PyntCloud can create meshes in the .ply format:
Better Depth Maps
The key to getting this right is an accurate depth mapping. That’s hard without knowing the separation of the cameras, or being able to meaningfully calibrate them.
For example, from this image:
We can calculate a basic depthmap:
Which gives this 3D mesh:
If you use a more complex algorithm to generate a more detailed map, you can get some quite extreme results.
I’m grateful to Timotheos Samartzidis for sharing his work.
import cv2 import numpy as np from sklearn.preprocessing import normalize filename = "screenshot" img_left = cv2.imread(filename+'-1.png') img_right = cv2.imread(filename+'-0.png') window_size = 15 left_matcher = cv2.StereoSGBM_create( minDisparity=0, numDisparities=16, blockSize=5, P1=8 * 3 * window_size ** 2, P2=32 * 3 * window_size ** 2, # disp12MaxDiff=1, # uniquenessRatio=15, # speckleWindowSize=0, # speckleRange=2, # preFilterCap=63, # mode=cv2.STEREO_SGBM_MODE_SGBM_3WAY ) right_matcher = cv2.ximgproc.createRightMatcher(left_matcher) wls_filter = cv2.ximgproc.createDisparityWLSFilter(matcher_left=left_matcher) wls_filter.setLambda(80000) wls_filter.setSigmaColor(1.2) disparity_left = left_matcher.compute(img_left, img_right) disparity_right = right_matcher.compute(img_right, img_left) disparity_left = np.int16(disparity_left) disparity_right = np.int16(disparity_right) filteredImg = wls_filter.filter(disparity_left, img_left, None, disparity_right) depth_map = cv2.normalize(src=filteredImg, dst=filteredImg, beta=0, alpha=255, norm_type=cv2.NORM_MINMAX); depth_map = np.uint8(depth_map) depth_map = cv2.bitwise_not(depth_map) # Invert image. Optional depending on stereo pair cv2.imwrite(filename+"-depth.png",depth_map)
As good as this code is, you may need to tune the parameters on your images to get something acceptable.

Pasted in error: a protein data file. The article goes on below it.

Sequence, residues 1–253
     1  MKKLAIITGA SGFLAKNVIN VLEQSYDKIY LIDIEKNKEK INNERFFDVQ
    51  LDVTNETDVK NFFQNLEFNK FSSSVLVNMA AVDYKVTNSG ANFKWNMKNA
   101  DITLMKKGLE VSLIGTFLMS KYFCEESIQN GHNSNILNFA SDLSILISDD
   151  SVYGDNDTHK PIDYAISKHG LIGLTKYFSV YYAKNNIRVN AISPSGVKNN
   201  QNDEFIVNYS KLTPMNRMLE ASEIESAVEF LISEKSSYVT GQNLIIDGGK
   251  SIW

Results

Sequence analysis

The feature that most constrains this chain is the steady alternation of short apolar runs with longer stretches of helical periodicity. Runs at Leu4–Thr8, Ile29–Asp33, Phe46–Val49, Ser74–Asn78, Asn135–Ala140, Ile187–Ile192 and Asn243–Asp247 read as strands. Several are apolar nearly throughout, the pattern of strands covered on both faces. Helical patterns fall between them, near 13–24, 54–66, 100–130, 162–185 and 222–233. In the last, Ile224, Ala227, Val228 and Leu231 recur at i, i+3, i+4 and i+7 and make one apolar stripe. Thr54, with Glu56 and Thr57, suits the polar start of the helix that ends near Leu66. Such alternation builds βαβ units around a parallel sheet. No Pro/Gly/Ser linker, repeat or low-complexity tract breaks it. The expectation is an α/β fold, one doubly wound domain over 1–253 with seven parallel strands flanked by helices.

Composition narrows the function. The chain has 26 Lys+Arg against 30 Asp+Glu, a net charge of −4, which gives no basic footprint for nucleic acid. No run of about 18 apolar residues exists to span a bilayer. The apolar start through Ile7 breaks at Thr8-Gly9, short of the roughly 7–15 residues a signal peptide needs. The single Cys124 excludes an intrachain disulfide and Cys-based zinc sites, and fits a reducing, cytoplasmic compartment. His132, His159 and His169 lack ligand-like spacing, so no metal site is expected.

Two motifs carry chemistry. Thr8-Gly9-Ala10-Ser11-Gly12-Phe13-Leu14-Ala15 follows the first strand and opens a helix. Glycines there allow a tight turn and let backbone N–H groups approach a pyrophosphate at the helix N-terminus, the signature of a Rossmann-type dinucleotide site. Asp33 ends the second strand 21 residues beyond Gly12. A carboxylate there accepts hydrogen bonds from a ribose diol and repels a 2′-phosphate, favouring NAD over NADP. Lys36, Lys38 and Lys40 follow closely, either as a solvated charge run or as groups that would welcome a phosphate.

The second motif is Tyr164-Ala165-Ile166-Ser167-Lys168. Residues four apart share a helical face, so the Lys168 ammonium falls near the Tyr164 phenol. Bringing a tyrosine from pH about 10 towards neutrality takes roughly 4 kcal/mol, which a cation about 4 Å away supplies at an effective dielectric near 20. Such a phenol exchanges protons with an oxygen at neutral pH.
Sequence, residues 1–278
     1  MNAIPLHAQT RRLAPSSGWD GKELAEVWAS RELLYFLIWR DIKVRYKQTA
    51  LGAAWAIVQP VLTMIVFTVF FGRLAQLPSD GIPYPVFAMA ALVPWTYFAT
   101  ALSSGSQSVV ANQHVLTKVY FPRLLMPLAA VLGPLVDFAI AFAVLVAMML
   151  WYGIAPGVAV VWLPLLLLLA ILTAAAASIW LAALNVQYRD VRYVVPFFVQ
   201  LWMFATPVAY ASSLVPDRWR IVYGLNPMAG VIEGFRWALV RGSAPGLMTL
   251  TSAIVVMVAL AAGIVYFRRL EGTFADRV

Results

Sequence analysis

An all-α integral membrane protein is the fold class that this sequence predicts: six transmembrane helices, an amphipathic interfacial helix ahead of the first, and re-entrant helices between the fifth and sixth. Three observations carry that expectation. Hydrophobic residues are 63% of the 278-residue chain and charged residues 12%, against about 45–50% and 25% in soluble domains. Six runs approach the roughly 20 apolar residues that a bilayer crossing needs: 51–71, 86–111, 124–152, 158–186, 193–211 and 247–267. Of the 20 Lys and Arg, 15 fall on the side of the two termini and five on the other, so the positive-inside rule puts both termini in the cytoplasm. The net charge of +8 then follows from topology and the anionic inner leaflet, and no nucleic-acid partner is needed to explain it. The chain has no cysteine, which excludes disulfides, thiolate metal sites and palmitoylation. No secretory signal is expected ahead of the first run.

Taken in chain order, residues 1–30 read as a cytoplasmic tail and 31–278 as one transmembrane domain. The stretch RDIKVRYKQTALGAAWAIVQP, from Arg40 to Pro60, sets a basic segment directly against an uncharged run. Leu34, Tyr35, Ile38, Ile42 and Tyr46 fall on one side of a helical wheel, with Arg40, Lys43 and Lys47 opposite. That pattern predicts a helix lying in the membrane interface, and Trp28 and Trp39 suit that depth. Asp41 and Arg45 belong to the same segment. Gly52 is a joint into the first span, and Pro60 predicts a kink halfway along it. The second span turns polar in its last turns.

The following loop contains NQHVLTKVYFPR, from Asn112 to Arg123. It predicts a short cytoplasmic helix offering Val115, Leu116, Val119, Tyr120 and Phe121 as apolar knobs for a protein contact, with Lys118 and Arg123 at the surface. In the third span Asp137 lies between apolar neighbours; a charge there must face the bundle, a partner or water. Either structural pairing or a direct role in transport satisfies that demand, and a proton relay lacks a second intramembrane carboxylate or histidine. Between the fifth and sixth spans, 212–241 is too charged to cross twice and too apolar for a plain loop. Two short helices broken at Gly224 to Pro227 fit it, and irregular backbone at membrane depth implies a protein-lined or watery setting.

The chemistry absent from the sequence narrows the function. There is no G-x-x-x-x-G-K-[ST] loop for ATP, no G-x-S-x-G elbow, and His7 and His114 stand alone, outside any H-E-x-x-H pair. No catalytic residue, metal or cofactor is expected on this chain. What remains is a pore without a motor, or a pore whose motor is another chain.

Here are a few of the interesting meshes I made from the movie. Some are more accurate than others.
Throne Room Battle
V-4X-D Ski Speeders
Kylo Ren’s TIE Fighter Guns
Is TLJ really 3D?
Nope! The movie was filmed with regular cameras and converted in post-production.
As I’ve discussed before, The Force Awakens has some scenes which have some reasonable 3D, but it wasn’t a great conversion. I think TLJ is done much better – but I wish the CGI was properly rendered in 3D.
Much of the 3D-ness is one or two foreground elements floating against a background. If you want real 3D models, you need something shot and edited for 3D – for example this Doctor Who 3D special:
Getting this working took me all around the interwibbles – here are a few resources that I used.
- Callibration of stereo cameras
- Epipolar Geometry and Depth Map from stereo images
- Disparity of stereo images with Python and OpenCV
- Optimizing point cloud production from stereo photos by tuning the block matcher
- Calculating a depth map from a stereo camera with OpenCV
- 3D Object Reconstruction using Point Pair Features
- Dr. Jürgen Sturm’s “Generate Pointcloud”
Star Wars: The Last Jedi is copyright Lucasfilm Ltd.
These 6 screenshots fall under the UK’s limited exceptions to copyright.
Any code I have written is available under the BSD License and is available on GitHub.